Making money on your first book
by Lp Camozzi
(Montreal, Quebec, Canada)
Profiting from pasta
This kids' musician made money publishing his first book.
I wrote my first book - "Pasta Pazoo: More Better Spaghetti" - in 1995 and made a few feeble attempts at getting it published through traditional channels. Then the real world called, and I shelved the manuscript until my middle daughter was about to graduate with a Fine Arts degree.
So I fine tuned the words with the help of a professional editor, and Marielle went to work on the pictures.
How are you going to make money on your book? Well, you're going to have to watch costs.
Meanwhile I was getting quotes for professional graphic design, image scanning and printing - easy for me with my background in advertising. I got a fair deal from my graphic designer friend, but printing was going to be an obstacle. The best I could find was about $6.00 Canadian a unit for a soft cover 16 page book.
I had also checked out a couple of the self publishing print-on-demand houses but recognized that they were simply taking advantage of budding writer egos. They weren't cheap on a per unit basis.
I was almost prepared to proceed with a short run, money losing investment to promote myself. But in the interim, I decided to do a little online research about offshore printing sources.
Bottom line is that I found a printer in India who could print and ship hard cover books to Canada for around $US1.00 per unit. The Chinese printers I found were about double that number.
Once the graphic designer had finished the scans and final layout, all we had to do was FTP a graphics file to the printer's website along with a 50% deposit. I had a completed proof couriered to me within two weeks.
Even with shipping by slow boat, I had my books in a couple months. The book was released in the summer of 2005.
The downside? Despite a superior customer service orientation, the across the board printing consistency was not as good as you'd see in Canada, or even China for that matter. But I had those copies to give away as review copies/gifts/etc.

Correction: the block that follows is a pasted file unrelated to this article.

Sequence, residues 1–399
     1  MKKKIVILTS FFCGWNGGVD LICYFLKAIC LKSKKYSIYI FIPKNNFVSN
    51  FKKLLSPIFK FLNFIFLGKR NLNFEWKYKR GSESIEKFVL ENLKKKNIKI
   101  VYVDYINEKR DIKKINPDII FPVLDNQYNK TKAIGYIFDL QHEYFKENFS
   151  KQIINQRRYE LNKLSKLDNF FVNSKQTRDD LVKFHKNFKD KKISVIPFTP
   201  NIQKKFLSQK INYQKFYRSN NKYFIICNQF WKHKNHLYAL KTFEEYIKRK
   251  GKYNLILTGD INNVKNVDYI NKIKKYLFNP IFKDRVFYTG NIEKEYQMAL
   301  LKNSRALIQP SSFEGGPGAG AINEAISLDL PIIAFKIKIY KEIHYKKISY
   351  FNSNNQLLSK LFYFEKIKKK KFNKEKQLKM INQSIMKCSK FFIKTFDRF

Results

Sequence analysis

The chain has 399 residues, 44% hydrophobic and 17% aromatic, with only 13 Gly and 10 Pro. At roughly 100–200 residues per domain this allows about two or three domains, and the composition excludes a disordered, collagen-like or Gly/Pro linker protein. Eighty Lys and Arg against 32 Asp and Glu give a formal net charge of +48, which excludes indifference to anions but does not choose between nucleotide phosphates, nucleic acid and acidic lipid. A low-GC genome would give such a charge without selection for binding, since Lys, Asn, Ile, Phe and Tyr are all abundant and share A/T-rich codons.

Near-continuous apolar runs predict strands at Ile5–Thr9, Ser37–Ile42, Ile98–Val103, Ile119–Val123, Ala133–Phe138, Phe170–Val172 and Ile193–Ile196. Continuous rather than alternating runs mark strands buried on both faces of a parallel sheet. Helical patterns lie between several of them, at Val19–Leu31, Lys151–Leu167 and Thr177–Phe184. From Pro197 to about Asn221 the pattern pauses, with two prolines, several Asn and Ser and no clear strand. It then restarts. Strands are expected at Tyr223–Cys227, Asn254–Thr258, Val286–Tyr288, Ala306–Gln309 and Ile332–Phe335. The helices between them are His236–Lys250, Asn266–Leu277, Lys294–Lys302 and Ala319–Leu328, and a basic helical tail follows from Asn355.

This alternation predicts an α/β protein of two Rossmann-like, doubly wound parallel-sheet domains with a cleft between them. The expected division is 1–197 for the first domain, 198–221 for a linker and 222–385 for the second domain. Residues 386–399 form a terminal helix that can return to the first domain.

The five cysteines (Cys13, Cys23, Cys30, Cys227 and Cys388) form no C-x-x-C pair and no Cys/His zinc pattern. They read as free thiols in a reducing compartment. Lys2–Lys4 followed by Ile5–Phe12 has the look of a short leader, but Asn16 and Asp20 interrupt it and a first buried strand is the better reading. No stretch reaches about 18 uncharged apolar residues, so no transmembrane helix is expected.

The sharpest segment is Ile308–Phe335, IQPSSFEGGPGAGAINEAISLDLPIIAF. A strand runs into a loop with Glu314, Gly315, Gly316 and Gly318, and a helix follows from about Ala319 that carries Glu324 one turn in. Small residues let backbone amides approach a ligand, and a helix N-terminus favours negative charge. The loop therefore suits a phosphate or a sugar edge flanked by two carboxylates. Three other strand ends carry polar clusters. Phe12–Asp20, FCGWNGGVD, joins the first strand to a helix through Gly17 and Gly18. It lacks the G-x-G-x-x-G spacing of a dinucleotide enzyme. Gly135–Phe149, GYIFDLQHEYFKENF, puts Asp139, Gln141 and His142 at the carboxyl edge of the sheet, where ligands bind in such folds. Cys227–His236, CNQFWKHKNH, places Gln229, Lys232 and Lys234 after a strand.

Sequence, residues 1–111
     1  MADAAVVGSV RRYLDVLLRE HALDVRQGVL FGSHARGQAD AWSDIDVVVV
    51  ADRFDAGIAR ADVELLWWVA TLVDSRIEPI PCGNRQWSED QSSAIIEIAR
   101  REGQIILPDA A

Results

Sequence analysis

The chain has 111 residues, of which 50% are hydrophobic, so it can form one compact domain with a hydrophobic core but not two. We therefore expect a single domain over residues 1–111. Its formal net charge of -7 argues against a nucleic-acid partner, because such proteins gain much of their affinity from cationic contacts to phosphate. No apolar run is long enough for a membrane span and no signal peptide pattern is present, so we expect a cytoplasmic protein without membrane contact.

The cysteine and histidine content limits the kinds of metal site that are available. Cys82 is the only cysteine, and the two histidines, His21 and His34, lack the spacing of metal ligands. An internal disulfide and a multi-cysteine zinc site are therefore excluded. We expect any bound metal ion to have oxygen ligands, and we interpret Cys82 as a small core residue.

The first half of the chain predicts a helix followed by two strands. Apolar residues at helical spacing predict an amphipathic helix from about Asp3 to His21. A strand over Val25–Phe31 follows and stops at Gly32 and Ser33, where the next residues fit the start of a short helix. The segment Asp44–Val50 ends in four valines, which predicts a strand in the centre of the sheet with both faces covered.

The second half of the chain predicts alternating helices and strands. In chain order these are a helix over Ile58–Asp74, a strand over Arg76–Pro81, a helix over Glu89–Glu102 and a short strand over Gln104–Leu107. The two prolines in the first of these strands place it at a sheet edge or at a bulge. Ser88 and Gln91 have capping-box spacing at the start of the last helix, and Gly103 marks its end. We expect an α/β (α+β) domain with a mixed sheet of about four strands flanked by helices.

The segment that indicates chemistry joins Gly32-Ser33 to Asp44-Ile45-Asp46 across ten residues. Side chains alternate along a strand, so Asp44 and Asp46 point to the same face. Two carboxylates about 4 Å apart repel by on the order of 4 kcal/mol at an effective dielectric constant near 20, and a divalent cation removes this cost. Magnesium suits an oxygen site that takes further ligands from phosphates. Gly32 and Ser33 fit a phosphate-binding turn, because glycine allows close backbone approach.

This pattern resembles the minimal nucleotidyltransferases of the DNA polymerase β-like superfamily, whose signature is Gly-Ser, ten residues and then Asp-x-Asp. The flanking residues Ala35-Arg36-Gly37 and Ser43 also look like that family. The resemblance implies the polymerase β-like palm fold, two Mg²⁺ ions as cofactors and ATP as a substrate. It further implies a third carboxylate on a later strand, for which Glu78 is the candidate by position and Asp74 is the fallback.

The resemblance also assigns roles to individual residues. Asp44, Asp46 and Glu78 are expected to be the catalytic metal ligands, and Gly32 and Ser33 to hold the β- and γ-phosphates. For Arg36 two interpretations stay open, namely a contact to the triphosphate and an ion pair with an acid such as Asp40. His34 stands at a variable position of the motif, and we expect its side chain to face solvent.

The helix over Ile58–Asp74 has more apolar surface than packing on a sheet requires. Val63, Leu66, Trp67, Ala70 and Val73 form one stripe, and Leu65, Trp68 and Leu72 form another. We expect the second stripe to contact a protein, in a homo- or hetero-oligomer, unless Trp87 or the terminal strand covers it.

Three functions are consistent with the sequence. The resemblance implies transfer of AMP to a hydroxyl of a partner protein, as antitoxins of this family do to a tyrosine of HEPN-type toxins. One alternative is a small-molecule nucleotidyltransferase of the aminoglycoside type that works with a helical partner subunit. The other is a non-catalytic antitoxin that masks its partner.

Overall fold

Key things I've learned about profitable self-publishing include:
a) use a professional editor and graphic designer as outside resources
b) don't describe your book as self published
c) don't use a white background colour on your cover
d) make sure you comply with all ISBN registration and importing regulations for printed material (there is no duty by the way)
e) insist and/or pay for quality control at the printer - or get a make good
f) give away one book for every five you sell - you can afford it
g) don't waste time with big book chains, because it's a consignment business.
Getting into the black
I have broken even on all my costs with sales of less than 500 units. I marketed on my website, at gift bazaars, in personal selling situations, through readings, and in the occasional independent bookstore.
The book has actually received some very positive book reviews. (It was recently compared to Dennis Lee's Alligator Pie). It was even turned into a 30 minute community cable storytime show in the USA.
So two years later, I'm really now just beginning to market to North America - with 1500 books left that represent pure profit.
A profitable future
Would I do it again? Absolutely, but I will invest more in the quality of illustration scans and printing next time. My second book is written and is currently being illustrated by my daughter. Hopefully it will be published in 2008 - with partial proceeds from my first book.
(In fact, Lp has now written about how his 2nd book made money.)
I would encourage any children's book writer to self publish if you actually want to make money on your book. You'll save yourself the three year waiting list and aggravation of dealing with an overworked children's book publisher.
P.S. and if you need a good illustrator, I know one.
Visit Lp's site, where you can buy Pasta Pazoo and even sample some of his kids' music.